Two of our nasty little biting bugs

Bedbugs are found pretty much all over the world, although there only are four species in North America.
A bedbug is quite well-adapted to its lifestyle. It doesn’t have any wings and it is quite flat. As such, it can hide in very small crevices, cracks in the wall, under wallpaper, seams in sheets, and so on.
Its colour is reddish-brown, and it really stinks.
It doesn’t like the light, so it hides in the daytime and does its dirty work at night.
Its “dirty work” is to puncture your skin and suck out a bit of your blood.
The bite itself is not very painful at all, so you might not even know if you got bitten. However, in the next day or two, you likely will develop a red spot, which gets either painful or very itchy.
Actually, a little bit of venom is injected into each bite.
The bedbug is poisonous to some people, but really only a few. To most folks, it is just an itchy nuisance.
These bugs usually are associated with people, although some do attack mice, poultry, and some bats. And for unknown reasons, some like to live in the nests of swallows.
As far as man is concerned, bedbugs are not a serious carrier of disease—more of a nuisance.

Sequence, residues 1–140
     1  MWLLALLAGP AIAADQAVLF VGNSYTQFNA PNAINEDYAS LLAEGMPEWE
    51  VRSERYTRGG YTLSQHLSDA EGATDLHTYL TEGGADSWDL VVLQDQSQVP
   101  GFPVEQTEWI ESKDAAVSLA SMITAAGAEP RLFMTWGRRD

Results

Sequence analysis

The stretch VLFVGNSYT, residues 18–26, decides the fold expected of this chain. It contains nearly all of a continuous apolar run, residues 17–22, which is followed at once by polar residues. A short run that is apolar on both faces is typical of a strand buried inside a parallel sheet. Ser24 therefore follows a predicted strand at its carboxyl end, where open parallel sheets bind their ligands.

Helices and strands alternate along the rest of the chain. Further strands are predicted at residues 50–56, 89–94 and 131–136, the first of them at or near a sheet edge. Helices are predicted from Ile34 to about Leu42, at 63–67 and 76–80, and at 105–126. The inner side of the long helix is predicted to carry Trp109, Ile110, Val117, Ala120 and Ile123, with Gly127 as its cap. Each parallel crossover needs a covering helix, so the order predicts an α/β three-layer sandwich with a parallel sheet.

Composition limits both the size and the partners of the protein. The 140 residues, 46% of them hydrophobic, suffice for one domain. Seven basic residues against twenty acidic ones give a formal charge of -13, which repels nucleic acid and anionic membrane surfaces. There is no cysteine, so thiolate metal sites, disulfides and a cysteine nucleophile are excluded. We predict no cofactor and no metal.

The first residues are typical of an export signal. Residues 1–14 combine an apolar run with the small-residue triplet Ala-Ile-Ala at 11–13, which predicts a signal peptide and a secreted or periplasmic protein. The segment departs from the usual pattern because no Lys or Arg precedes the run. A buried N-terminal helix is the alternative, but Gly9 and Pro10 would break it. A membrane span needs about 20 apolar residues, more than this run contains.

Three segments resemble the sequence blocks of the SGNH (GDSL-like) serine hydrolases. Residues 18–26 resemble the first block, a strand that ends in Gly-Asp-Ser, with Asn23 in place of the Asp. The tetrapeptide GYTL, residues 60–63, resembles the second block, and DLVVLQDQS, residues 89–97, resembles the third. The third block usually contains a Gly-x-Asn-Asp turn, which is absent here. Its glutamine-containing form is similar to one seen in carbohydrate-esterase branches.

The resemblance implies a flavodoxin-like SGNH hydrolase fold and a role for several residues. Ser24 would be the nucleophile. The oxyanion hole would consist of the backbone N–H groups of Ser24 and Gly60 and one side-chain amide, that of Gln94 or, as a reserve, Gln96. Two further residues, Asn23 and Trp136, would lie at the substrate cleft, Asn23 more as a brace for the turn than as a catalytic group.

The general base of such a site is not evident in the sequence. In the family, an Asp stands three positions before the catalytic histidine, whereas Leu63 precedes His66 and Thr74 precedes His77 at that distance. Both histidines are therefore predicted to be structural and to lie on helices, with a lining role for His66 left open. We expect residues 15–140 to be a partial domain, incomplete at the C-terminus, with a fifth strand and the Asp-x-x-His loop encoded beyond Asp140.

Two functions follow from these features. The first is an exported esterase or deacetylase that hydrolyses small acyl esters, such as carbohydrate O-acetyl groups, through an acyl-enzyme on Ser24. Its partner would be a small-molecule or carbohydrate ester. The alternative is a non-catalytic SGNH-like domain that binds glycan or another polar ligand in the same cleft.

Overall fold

They tend to gather in houses, in cracks, bedsprings, and edges of sheets and mattresses. They are quite common where a lot of people are housed together: barracks, jails, and so on, and in poultry houses.
And they are transmitted from place to place on clothes, luggage, furniture, etc.
They are very slow at reproducing. A whole cycle takes about seven weeks, and there are only about seven generations a year.
The bedbug, Cimex lectularius, is one of our irritants. He is not a serious threat, but he sure can annoy you.
There are lots of fleas in the world. Almost all birds and mammals have them.
Fleas are not like other insects. They are very small, and they are flattened sideways.
They don’t fly so they have no wings. As well, none of them have compound eyes like most other insects—and some have no eyes at all.
One thing they all do have is strong jumping legs. A human flea can jump about seven inches straight up and a foot sideways.
Fleas feed on blood. To get it, they bite into their hosts.
Human fleas are very annoying, indeed. A flea’s mouthparts are made for sucking, and some actually burrow right into the skin of their hosts (there is one species which burrows right under the toenails of people).
They are pretty active little fellows, too, and move quite freely all over your body. They also move freely from one host to another, from humans to dogs or chickens, for instance.
Eggs are laid in dirt or in birds’ nests, where the larvae feed on all sorts of organic material, including the feces of other fleas.
Their eating habits are not very fastidious!
Fleas don’t carry a lot of disease bacteria but they do carry that scourge of mankind, the Bubonic Plague (Black Death), and have done so since about 500 BC.
In the Middle Ages, the plague killed millions of people.
To keep fleas under control, there are lots of things that help. You easily can keep your cat or dog flea-free, and the same for your henhouse if you have one.

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